- European Majors set the bar by investing the most in low carbon; however, sector lagging as a whole and investing only 1.3% of total 2018 capital expenditure;
- Oil & gas industry makes up over half of global greenhouse gas emissions associated with energy consumption;
- Geographic divide strengthens as European Majors pivot towards gas and renewables over oil;
- Investors putting increasing pressure on oil & gas companies, as votes for climate shareholder resolutions more than double from 2014 to 2018;
- Equinor, Total, Shell and Eni ranked top for leading low carbon transition while CNOOC, Rosneft and Marathon Oil lag behind.
November 12, 2018, London: European oil & gas majors including BP, Eni, Equinor, Total and Shell are investing the most in low carbon but the industry’s spend as a whole remains relatively low at only 1.3% of total capital expenditure (CAPEX) in 2018. The figure is revealed in a new report ‘Beyond the cycle’, from environmental non-profit and investment research provider CDP today. The report ranks 24 of the largest and highest-impact publicly listed oil & gas companies on business readiness for a low carbon transition.
Production and use of oil & gas accounts for over half of global greenhouse gas emissions associated with energy consumption, representing more than 17 billion tonnes of carbon dioxide equivalent per year1. The analysis reveals a regional split in the industry’s approach. Across the 24 companies, European Majors account for 70% of current renewable capacity and nearly all capacity under development. However, with less domestic pressure to diversify, US-based companies have not embraced renewables in the same way.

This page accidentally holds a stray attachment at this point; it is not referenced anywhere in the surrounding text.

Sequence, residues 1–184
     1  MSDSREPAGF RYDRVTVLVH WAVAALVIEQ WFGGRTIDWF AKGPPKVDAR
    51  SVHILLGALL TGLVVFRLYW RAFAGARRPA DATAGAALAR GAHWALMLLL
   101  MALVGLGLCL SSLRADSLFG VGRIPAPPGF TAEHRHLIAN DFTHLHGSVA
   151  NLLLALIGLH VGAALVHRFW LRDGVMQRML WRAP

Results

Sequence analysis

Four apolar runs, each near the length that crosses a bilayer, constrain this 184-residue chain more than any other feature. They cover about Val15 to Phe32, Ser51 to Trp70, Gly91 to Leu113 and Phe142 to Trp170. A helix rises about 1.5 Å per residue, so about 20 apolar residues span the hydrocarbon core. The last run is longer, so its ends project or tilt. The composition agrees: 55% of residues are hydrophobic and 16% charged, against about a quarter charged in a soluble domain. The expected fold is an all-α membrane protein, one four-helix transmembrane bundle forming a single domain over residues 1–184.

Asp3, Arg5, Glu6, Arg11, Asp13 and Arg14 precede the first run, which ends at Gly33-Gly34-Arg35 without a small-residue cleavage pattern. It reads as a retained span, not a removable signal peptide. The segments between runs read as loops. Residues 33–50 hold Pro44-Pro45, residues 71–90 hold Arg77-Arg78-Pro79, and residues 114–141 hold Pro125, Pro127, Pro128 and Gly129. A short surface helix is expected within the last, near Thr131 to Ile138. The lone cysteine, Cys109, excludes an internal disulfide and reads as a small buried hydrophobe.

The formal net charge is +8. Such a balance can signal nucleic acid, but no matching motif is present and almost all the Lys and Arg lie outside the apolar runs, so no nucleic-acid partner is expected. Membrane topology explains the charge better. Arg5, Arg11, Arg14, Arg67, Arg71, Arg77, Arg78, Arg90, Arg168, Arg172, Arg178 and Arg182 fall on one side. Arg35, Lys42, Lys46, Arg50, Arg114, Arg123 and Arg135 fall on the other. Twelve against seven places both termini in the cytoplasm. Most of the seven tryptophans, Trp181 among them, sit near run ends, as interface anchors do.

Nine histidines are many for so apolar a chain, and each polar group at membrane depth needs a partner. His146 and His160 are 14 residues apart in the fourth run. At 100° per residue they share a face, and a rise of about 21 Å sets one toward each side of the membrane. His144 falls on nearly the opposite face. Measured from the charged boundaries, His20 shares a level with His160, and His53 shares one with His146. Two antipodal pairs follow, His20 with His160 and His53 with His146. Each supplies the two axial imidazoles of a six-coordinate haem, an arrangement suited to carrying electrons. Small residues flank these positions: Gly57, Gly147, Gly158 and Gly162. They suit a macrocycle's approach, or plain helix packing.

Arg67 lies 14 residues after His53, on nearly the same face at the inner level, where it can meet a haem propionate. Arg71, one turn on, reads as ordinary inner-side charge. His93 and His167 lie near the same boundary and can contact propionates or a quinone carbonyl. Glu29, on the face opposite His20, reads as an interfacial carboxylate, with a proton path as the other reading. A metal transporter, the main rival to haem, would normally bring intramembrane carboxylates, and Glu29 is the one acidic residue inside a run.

In Russia, state-owned oil companies Gazprom and Rosneft have less capital flexibility, which means they may be less agile and slower to mobilize in response to future disruption such as climate regulation. This is also a trend across Chinese national oil companies including Petrochina, while a lack of disclosure on emissions data remains a key issue for Chinese companies in our analysis.
The oil & gas sector is under increasing investor pressure, with votes for climate shareholder resolutions more than doubling from 2014 to 2018 at company AGMs. Following the findings of the recent report from the UN’s Intergovernmental Panel on Climate Change (IPCC), the urgency of the company response to climate change is more important now than ever before.
Despite the small total spend on low carbon assets by CAPEX, the last few years have seen a wave of new energy investments by oil & gas companies. Since the start of 2016, 148 deals have been made in alternative energy and Carbon Capture, Utilization, and Storage (CCUS), and US$22 billion invested in alternative energies since 2010.